HBV Journal Review
December 1, 2011, Vol 8, no 12
by Christine M. Kukka
Report Suggests 2.2 Million U.S. Residents Have Hepatitis B—Double the CDC Estimate
What percentage of foreign-born residents in the United States have chronic hepatitis B? Many more than what the U.S. Centers for Disease Control and Prevention currently estimates, according to a study by Digestive Disease Institute researchers in Seattle.
The research team estimated the prevalence of hepatitis B virus (HBV) infection among foreign-born residents by first determining HBV infection rates in their countries of origin. They then applied those infection rates to the citizens who migrated to the United States from those countries, as reported by the U.S. Census Bureau in 2009.
Researchers reviewed 256 surveys of immigrants from 52 countries (covering 689,078 persons) and 1,797 surveys of the general populations of 98 countries (covering 17.8 million people).
“We estimate a total of 1.32 million foreign-born people in the U.S. living with chronic hepatitis B in 2009,” they wrote in the November 2011 issue of Hepatology.
They estimated that 58% of those infected migrated from Asia and 11% migrated from Africa, where hepatitis B is highly endemic. About 7% migrated from Central America, a region with lower chronic hepatitis B rates but many more migrants to the United States. “This analysis suggests that the number of foreign-born people living with chronic hepatitis B in the U.S. may be significantly greater than previously reported,” they wrote. “Assuming 300,000 to 600,000 U.S.-born persons with hepatitis B, the total prevalence of chronic hepatitis B in the U.S. (when foreign-born residents are added) may be as high as 2.2 million.”
The CDC currently estimates there are 800,000 to 1.4 million U.S. residents chronically infected with hepatitis B. However, CDC surveys often do not capture the infection status of new immigrants, homeless people, or people who have little contact with the nation’s health care system.
Hepatitis B Patients Should Be Tested for Vitamin D
Researchers at the 2011 Digestive Disease Week meeting reported that 64% of patients with hepatitis B or C infections have low levels of vitamin D, and doctors should start screening these patients regularly for the vitamin deficiency that can cause weakened bones and bone loss.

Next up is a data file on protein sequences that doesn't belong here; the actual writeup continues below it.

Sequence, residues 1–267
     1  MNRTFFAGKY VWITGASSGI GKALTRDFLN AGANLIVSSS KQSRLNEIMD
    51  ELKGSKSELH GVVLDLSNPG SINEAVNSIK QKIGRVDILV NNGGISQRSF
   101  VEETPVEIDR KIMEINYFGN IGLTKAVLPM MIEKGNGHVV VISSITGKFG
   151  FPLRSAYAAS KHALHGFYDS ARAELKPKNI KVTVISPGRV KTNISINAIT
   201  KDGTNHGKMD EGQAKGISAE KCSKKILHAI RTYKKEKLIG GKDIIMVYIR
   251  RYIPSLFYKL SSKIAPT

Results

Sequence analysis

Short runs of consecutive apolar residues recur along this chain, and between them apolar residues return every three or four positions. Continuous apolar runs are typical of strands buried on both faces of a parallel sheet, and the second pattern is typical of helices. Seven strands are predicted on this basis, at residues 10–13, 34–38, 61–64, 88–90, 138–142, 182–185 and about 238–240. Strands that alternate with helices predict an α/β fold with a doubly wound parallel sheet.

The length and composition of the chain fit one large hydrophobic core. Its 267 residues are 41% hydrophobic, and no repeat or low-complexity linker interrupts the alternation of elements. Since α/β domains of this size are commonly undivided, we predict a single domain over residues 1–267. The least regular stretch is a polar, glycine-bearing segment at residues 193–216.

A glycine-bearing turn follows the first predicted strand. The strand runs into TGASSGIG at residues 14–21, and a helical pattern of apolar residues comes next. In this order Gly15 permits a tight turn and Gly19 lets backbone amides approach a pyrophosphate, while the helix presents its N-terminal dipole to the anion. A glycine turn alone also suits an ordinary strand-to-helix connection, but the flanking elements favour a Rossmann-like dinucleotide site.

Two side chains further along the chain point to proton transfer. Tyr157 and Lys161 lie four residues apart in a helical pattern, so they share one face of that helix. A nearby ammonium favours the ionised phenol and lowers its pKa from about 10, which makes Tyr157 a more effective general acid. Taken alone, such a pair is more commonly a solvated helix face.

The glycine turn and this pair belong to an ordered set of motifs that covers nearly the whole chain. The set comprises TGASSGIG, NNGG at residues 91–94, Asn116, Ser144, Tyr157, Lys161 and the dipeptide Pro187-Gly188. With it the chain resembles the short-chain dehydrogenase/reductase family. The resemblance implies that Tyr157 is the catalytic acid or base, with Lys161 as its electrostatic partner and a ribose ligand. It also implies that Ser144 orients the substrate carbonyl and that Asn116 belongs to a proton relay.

This deficiency in hepatitis B patients can be serious, considering that many patients are treated with antivirals that can also contribute to vitamin D deficiencies, according to researchers affiliated with the Weill Cornell Medical College in New York City.
The doctors reported that among 2,312 patients treated at their medical center between 2007 and 2009, only 17% had been tested for vitamin D levels. Of those who underwent vitamin D testing, 31% (122 of 395) were vitamin D insufficient and 33% (132 of 395) were vitamin D deficient. The prevalence of vitamin D insufficiency was similar among the 29% (115 of 395) of patients with chronic viral hepatitis who had cirrhosis and those who did not. However, the difference in vitamin D deficiency among patients with cirrhosis and those without cirrhosis was significant (44% vs. 29%).
Interestingly, vitamin D insufficiency was more prevalent among those infected with hepatitis B than among those infected with the hepatitis C virus (HCV) (73% vs. 60%). There was not enough data to indicate if ethnicity of patients played a role in the vitamin D deficiency.
Past research has shown that low vitamin D levels tend to be more common in patients with advanced stage fibrosis and cirrhosis, but this study shows low levels of vitamin D can exist in patients who have chronic hepatitis B, but have not yet developed serious liver damage.
Experts Make the Case for Identifying Patients’ HBV Genotypes
Currently, doctors routinely screen hepatitis B patients for various antigens and antibodies, viral load, and alanine aminotransferase (ALT) levels (that can indicate liver damage), but to date medical guidelines do not recommend screening patients in order to identify their HBV strain or genotype.
A British research team, writing in the November 2011 issue of Current Gastroenterology Reports, makes the case for screening patients for their genotype.
Genotype, they explain, influences the severity of liver disease as well as whether patients will respond to interferon treatment. Certain mutations in the virus also occur more frequently in patients with certain genotypes. Some of these mutations can increase a patient’s risk of liver damage and cancer, which means these patients should be screened more frequently.